Friday, December 12, 2014

RETRO FRIDAY: KUNM FIRES A VOLUNTEER LIVE ON THE AIR



Today KUNM, Albuquerque airs freeform music every weekday afternoon.  One reason this artifact from the past lasts on KUNM is what happened in May 1987.  Management announced big changes in programming and all hell broke loose…

video


GM Tim Singleton (who retired from managing WBAA at the end of 2013) and PD Patrick Conley, wanted to improve KUNM’s standing in the community by presenting more appealing programming. 

They had the right idea but they were in the wrong place at wrong time.

Thursday, December 11, 2014

COLORADO SYMPHONY ORCHESTRA FIRES ITS RADIO STATION



A public dispute between the Colorado Symphony Orchestra (CSO) and Colorado Public Radio (KVOD) is flaring in Denver.  KVOD has broadcast CSO concerts for 15 years.  Now CSO is insisting KVOD cede editorial control of the broadcasts and air extra promotions.  KVOD said “no, way” and the CSO is looking for a new broadcast voice.

To me, this is an amazing stupid move by the orchestra. CSO CEO Jerry Kern formerly worked in the cable TV industry.  Kern wants to leverage the power of his content – a good idea – but he has an inflated view of the value of live broadcasts by CSO to KVOD.

Colorado Public Radio has been a vital force in classical radio programming since the 1990s. Back then it initiated “the Denver Project” – research about the way people listen and value the music.  The result was termed “modal music” because it set a mood with seamless transitions.  Some people hated “modal music” but no one can doubt the impact it has had on classical music radio.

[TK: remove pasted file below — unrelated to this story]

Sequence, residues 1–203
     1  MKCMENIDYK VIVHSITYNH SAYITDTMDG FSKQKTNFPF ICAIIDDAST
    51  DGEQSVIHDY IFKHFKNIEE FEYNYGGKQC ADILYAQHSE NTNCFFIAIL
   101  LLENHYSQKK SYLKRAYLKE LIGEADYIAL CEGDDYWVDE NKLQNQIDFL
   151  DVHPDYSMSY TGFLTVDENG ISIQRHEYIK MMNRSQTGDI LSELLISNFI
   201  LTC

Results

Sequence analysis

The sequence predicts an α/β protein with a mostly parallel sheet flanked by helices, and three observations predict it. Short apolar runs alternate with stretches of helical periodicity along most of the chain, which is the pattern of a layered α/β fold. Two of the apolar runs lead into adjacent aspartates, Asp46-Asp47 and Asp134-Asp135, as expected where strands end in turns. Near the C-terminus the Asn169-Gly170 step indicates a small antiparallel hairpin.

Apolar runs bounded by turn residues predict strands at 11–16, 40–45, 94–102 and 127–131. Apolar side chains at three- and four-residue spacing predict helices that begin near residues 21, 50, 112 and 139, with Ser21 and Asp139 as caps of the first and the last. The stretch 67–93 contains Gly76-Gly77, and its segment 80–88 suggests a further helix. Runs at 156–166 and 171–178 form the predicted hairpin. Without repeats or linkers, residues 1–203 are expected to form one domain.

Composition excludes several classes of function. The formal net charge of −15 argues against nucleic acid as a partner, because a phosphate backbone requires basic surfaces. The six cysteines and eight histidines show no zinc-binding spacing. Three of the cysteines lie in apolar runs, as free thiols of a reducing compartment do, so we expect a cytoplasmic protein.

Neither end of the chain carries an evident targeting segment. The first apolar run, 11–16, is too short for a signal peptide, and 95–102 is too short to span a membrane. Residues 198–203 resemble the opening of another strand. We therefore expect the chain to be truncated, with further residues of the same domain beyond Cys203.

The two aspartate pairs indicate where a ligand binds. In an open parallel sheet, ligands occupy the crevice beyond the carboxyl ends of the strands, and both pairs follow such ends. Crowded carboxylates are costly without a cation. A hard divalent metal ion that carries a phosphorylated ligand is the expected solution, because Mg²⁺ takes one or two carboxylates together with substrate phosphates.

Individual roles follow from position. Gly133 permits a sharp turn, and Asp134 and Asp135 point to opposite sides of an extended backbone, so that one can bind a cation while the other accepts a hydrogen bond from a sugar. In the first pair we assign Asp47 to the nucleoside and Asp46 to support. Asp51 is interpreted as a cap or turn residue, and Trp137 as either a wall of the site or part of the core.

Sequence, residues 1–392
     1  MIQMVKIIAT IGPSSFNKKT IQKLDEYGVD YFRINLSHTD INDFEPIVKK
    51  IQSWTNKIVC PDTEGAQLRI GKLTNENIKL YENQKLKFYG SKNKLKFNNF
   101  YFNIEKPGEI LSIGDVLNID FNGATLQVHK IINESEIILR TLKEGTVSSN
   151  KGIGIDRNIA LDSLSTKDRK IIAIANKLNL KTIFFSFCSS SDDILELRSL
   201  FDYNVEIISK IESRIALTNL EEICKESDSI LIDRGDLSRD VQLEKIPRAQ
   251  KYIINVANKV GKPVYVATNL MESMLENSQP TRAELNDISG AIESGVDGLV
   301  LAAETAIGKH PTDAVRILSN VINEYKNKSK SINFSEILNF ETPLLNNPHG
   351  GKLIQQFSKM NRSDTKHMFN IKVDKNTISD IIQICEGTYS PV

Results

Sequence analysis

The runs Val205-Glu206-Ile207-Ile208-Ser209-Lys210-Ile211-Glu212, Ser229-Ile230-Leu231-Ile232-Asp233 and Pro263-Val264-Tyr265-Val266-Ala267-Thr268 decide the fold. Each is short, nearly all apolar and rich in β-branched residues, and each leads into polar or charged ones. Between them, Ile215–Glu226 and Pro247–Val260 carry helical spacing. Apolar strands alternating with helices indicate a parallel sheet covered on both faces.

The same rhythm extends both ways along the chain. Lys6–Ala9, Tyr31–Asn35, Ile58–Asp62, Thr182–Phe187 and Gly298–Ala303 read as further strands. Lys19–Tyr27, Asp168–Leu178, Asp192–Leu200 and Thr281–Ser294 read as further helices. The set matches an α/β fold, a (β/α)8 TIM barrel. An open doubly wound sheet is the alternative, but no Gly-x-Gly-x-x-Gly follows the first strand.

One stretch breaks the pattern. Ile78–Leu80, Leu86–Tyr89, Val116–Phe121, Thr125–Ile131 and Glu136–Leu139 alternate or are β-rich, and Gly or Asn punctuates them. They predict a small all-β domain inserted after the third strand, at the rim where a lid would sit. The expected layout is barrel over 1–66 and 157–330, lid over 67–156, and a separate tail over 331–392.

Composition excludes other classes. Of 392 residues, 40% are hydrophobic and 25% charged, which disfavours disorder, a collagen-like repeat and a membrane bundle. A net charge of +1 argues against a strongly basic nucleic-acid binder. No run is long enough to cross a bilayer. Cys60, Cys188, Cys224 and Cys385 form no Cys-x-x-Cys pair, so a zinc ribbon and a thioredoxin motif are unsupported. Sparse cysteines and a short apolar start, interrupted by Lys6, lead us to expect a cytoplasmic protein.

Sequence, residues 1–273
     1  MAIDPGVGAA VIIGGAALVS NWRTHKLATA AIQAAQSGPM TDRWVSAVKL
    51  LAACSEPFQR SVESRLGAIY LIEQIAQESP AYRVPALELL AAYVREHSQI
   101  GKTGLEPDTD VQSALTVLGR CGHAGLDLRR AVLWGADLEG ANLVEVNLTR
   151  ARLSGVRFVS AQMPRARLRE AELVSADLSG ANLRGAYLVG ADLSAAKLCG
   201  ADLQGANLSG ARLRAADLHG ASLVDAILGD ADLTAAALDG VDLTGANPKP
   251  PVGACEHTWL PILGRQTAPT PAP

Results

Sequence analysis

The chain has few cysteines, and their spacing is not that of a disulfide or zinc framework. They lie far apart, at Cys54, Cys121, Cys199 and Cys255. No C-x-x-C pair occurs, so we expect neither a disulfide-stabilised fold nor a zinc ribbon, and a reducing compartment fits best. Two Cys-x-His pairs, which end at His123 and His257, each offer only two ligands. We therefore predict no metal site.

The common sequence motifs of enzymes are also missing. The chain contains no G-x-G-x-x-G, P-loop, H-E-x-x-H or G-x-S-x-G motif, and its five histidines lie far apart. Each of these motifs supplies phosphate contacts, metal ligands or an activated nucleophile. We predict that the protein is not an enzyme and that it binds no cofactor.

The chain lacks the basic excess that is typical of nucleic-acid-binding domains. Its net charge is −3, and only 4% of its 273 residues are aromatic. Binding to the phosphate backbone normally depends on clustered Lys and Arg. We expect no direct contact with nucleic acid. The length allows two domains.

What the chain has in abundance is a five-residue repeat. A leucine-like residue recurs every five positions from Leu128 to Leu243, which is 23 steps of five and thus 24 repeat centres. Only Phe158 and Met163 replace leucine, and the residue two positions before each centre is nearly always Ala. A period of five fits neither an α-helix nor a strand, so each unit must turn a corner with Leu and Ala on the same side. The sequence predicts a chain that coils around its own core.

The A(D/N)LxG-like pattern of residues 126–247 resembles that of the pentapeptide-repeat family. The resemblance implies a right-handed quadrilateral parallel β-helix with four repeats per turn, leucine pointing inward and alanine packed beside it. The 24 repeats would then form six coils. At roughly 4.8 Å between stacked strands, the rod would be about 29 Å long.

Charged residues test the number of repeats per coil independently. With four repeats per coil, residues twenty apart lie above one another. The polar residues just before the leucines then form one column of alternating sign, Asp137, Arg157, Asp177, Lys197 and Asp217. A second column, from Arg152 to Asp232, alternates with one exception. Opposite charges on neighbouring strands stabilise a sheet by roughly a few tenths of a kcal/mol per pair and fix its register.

KVOD had a 3.2 AQH share in the October Nielsen Audio PPM ratings – not a bad showing in the very competitive Denver/Boulder market. Symphony orchestras need all the friends they can get.  It is too bad  CSO turned a cold-shoulder on KVOD.

David Roden of WKSU summed it up on the AMPPR list:

There's an argument for traditional concert programming, but when you air a
concert programmed by an orchestra's music director, you're airing music
that's pretty much out of your control.
I speak as an outsider, but it appears to me that for years the CSO has been handed a nice, juicy block of valuable CPR time.



Wednesday, December 10, 2014

NEW NIELSEN REPORT SHOWS AUDIENCE REACH FOR RADIO NETWORKS